|Non-Ferrous Metal Type||Found In|
|Aluminum||Ladders, gutters, window frames, sinks, faucets, siding, beach chairs, soda cans.|
|Brass||Brass faucets, RV water pressure regulators and elbow fittings, musical instruments, radiator cores.|
|Copper||Domestic water pipes, wires, occasionally in premium roofing materials.|
In addition to the metal’s category, scrap yards also classify scrap metals by their grade. And some metal grades make you more money than others. Take copper for example. Copper can come in various grades, including what is known in the industry as bare bright, #1 and #2.
Bare bright copper will make you the most money. This grade is copper wire or cable that is uncoated and bare. The next most profitable grade is grade #1. It’s copper that’s free of liquids and dirt. Grade #2 is the least profitable of the three. It’s somewhat dirty and has paint on it or it’s otherwise coated.
» Further reading: If you’re interested in additional ways to make money, check out these 21 Simple Ways to Make Money Online.
Average scrap yard prices for common types of scrap metal
Before you head out to your local scrap yard, you should have a good idea of the current scrap metal prices of the items you want to sell. Be sure to make a few phone calls to confirm that you’re getting the best price from the yard of your choice.
Know your average scrap metal prices ahead of time
Different scrap yards tend to specialize in certain scrap metals, and they’ll be able to offer you better prices on certain items. So once you know the price range you can expect, call a few scrap yards near you and visit their websites to find the ones who will pay you top dollar for your items.
Another consideration is that scrap metal prices change over time depending on market conditions. So when you get prices from any source, it’s always a good idea to check the date when those prices were quoted. This will save you disappointment, and more importantly, time and effort when you visit the nearest scrap yard of your choice.
Below you’ll find indicative average prices for various scrap metals as of the date of this article. If you want more recent prices, check out www.iscrapapp.com/prices. The prices they quote are not necessarily the prices that scrap yards near you will offer, but are a good reference point for you to consider.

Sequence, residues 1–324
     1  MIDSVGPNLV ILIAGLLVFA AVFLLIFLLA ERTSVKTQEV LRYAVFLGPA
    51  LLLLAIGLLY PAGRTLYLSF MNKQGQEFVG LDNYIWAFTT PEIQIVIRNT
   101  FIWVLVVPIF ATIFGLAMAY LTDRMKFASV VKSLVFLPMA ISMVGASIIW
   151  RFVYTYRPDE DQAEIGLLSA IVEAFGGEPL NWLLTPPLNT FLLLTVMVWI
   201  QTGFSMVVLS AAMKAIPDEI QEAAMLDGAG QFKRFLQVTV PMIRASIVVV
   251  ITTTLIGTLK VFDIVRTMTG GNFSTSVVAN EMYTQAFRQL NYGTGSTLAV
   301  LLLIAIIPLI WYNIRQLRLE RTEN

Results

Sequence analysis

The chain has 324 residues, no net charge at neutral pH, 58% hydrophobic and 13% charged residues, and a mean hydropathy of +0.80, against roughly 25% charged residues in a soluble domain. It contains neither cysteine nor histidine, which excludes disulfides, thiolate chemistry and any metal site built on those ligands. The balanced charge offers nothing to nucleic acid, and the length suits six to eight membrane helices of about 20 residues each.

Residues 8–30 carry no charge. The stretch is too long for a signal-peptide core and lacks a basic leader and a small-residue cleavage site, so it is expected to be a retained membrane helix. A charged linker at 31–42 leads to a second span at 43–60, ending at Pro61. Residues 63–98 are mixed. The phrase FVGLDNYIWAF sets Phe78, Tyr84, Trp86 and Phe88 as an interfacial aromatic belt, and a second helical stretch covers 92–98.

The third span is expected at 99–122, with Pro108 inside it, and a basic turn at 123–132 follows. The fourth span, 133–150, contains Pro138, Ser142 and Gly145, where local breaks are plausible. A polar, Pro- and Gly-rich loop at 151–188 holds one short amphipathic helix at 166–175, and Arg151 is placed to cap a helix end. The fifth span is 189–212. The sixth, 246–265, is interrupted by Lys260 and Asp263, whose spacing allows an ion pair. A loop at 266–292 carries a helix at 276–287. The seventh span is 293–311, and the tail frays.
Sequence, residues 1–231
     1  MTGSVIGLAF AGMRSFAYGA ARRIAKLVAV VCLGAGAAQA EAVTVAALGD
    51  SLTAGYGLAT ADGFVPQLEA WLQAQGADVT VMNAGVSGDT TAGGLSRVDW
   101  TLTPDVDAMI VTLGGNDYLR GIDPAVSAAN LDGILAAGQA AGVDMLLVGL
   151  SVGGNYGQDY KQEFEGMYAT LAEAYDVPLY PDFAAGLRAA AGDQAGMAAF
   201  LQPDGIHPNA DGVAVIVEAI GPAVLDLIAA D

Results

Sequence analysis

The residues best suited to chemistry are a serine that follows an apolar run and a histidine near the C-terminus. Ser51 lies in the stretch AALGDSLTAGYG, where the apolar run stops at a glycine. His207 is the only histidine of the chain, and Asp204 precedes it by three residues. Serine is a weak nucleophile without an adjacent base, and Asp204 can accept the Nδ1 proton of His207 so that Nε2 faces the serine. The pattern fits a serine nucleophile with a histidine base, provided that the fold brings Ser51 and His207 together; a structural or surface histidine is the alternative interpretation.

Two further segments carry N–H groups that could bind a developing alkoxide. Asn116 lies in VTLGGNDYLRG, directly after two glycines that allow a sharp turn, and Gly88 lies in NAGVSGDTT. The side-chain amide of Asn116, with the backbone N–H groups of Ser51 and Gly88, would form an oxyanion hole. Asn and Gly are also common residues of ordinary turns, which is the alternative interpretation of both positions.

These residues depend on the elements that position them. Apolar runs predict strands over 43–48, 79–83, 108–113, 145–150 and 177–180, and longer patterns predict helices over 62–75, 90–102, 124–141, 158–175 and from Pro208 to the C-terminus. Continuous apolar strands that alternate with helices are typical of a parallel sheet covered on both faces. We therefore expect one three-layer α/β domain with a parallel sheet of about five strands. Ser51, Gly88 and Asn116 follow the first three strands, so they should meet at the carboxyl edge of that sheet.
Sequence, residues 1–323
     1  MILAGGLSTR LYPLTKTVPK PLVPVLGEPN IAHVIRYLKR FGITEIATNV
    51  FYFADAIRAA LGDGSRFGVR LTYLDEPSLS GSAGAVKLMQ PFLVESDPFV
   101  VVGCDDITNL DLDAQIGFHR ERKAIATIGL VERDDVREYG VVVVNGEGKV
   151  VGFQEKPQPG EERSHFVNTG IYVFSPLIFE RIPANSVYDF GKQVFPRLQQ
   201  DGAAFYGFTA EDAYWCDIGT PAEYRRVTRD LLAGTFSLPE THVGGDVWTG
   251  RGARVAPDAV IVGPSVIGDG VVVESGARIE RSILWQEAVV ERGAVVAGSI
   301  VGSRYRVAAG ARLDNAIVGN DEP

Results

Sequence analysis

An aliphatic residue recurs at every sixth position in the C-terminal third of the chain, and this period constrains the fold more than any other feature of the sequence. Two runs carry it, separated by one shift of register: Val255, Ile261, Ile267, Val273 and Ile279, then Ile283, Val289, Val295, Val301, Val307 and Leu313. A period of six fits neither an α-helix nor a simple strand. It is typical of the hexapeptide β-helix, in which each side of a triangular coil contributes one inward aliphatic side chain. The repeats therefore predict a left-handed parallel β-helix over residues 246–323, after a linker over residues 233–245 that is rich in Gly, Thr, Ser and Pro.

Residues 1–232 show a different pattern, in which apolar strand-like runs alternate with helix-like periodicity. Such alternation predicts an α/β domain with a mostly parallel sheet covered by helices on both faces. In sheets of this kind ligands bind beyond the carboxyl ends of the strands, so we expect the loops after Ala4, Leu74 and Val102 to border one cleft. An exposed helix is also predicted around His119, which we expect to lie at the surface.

Indicative average scrap metal prices:
The table below provides indicative average national prices for select scrap metals.
|Scrap Metal Type||Indicative Ave. Price*|
|Bare Bright Copper Wire||$3.58/ Ib|
|#1 Copper Tubing||$3.32 / Ib|
|#2 Copper Tubing||$3.04 / Ib|
|Insulated Copper Wire||$1.01 / Ib|
|Brass||$1.77 / Ib|
|Brass Pipe||$1.78 / Ib|
|Aluminum Siding||$0.55 / Ib|
|Aluminum Radiators||$0.44 / Ib|
|Car or Truck Batteries||$0.20 / Ib|
|300 Series Stainless Steel||$0.55 / Ib|
|Hard Drives||$0.44 / Ib|
Make more money from your scrap metals by separating them before going to the recycling yard
Sometimes your scrap materials will consist of valuable scrap metals that are joined or fused to less valuable ones. For example, if you’re recycling air conditioners or radiators, you’ll come across HVAC coils.
These coils use copper tubes and aluminum fins, which are valuable, but will often come with a steel bracket along the side. Cutting off the steel bracket will make you more money at the scrap yard.
By the way, if you recycle these coils, make sure they’re free of freon / CFC’s as many local scrap yards won’t accept them if the gas hasn’t been removed.